Wisconsin should join states that have enacted sunrise laws as an alternative to new licenses that fence out workers and don’t protect public

By Julie Grace for The Badger Institute
 
More than one million Wisconsinites today need a state-issued license in order to work in their chosen professions. As policymakers in Madison created dozens and dozens of new occupational licenses in recent years, they often did so without assessing the impact on workers, consumers, the economy or public safety. A new bill in Madison would change that.
 
Many Wisconsin workers struggle to complete the often costly and time-consuming requirements associated with occupational licenses. Others are discouraged from entering certain fields entirely.
 
Research shows that occupational licensing leads to fewer jobs, creates higher prices for consumers, disproportionately affects low-income households and hinders worker mobility. Despite these findings, the number of occupational licenses has increased dramatically, now affecting nearly 30% of U.S. workers, up from just 5% in 1950.
 
The new bill, described as sunrise legislation, aims to equip legislators with more information on the effects of a proposed license and ensure that occupational licenses are used only for their intended purpose: to protect public safety. The bill would create a substantive review process (a “sunrise review”) for any proposed new licenses in the state.
 
The process would evaluate a few key factors: whether the unregulated practice of the occupation would harm the public, whether the public can be expected to benefit from a new license, the least restrictive regulation that would protect the public, a comparison of licensure requirements for that occupation in other states and an estimate of the financial burden imposed on individuals or businesses involved in the profession. 
 
Even if some type of regulation is justified, imposing a license — the most-restrictive form of regulation — on a profession is harmful to Wisconsin workers and consumers. The alternatives to an occupational license included in this bill still would protect consumers without establishing high barriers to entry into a field.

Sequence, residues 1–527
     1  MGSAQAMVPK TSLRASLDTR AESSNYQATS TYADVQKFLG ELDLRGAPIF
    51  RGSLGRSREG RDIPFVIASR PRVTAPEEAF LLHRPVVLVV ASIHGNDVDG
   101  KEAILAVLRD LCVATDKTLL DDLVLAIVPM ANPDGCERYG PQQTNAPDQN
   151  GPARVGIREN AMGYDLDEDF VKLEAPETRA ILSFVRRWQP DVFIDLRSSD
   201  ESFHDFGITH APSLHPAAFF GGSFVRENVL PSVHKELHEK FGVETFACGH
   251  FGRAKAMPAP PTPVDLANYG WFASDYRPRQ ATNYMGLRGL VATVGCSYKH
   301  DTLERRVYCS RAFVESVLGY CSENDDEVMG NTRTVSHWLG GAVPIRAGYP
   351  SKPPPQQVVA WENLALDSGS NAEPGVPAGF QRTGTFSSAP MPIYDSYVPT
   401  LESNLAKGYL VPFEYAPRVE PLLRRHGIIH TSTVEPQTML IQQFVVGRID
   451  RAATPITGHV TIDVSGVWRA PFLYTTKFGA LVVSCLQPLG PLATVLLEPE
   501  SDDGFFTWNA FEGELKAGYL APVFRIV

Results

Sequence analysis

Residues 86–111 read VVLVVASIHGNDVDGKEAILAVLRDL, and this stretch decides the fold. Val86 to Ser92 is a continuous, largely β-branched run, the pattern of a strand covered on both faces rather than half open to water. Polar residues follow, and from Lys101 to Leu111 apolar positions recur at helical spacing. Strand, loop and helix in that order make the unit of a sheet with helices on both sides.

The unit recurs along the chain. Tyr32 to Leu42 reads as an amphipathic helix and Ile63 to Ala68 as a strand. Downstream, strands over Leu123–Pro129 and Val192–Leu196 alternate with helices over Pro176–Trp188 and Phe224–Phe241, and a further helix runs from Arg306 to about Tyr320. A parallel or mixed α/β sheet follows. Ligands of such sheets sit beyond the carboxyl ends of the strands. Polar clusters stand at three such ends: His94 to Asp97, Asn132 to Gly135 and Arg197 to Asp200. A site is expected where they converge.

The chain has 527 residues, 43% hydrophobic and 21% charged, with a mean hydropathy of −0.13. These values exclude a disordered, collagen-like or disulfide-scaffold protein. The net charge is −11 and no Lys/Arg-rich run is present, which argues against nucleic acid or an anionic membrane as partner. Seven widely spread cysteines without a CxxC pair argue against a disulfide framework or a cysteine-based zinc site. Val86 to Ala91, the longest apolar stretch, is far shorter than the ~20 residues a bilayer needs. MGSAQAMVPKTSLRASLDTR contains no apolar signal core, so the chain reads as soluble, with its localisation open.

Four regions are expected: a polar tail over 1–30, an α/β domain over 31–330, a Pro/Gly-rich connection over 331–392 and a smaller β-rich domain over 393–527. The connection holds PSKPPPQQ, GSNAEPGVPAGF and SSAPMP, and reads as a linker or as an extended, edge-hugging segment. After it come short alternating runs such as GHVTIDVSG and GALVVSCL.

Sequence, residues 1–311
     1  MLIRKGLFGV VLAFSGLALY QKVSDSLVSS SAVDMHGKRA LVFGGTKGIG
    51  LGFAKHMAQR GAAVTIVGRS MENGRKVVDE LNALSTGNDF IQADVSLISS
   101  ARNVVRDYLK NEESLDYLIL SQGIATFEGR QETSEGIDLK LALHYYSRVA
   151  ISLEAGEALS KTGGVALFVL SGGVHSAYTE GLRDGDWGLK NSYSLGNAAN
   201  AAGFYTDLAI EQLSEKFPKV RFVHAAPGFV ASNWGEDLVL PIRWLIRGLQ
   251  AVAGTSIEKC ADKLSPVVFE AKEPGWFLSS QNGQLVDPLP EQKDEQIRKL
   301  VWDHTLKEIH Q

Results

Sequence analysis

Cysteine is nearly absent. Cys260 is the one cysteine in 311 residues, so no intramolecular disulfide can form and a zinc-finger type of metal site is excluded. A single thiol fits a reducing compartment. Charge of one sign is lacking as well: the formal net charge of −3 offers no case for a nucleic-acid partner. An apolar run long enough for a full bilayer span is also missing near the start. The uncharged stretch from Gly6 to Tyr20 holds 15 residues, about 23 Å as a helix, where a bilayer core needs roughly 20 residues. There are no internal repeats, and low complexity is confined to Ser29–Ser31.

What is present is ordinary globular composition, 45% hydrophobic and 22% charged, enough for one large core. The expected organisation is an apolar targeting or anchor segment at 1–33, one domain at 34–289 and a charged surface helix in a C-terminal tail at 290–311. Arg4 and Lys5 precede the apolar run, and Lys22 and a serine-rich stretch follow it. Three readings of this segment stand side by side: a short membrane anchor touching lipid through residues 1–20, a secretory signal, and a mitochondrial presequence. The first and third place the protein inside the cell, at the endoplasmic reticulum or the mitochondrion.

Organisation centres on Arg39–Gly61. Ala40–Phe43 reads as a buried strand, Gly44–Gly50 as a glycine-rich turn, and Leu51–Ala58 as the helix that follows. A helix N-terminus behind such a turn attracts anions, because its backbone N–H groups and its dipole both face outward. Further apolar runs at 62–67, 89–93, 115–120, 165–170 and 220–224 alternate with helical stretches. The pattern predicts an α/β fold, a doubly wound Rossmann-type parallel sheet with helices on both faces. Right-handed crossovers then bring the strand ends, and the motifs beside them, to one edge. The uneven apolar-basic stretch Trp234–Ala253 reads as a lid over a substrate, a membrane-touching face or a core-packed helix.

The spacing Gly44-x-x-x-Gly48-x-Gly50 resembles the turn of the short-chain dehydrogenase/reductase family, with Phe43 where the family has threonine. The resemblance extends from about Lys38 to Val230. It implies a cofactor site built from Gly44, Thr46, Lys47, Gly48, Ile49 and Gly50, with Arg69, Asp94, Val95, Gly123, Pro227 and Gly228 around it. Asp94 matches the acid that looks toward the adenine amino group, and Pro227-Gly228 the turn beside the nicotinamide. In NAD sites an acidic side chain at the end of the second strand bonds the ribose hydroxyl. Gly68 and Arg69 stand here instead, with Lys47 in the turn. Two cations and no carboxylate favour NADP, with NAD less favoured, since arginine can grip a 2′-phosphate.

Other states have implemented similar laws with success. A 2015 report from the Obama administration points to sunrise reviews as an effective framework for occupational licensing reform. It highlights states such as Florida, which restricts licensing to instances when “the overall cost-effectiveness and economic impact of the proposed regulation … will be favorable” and “other types of less restrictive regulation would not effectively protect the public.”
 
States such as Arizona, Maine, Minnesota and Nebraska all have passed sunrise reviews.  Colorado established a sunrise review in 1985. By 2005, 109 proposals for new occupational regulations had been submitted. Licensing was recommended in 12 instances, and the legislature ultimately created a new regulation in only 19 instances.
 
Occupational licensing should not be viewed as a binary decision (to license or not to license). There are other entirely appropriate consumer protection options that should be considered. A sunrise review can equip legislators with the necessary information to make these important decisions on behalf of Wisconsin workers and consumers.
 
Julie Grace is a Badger Institute policy analyst.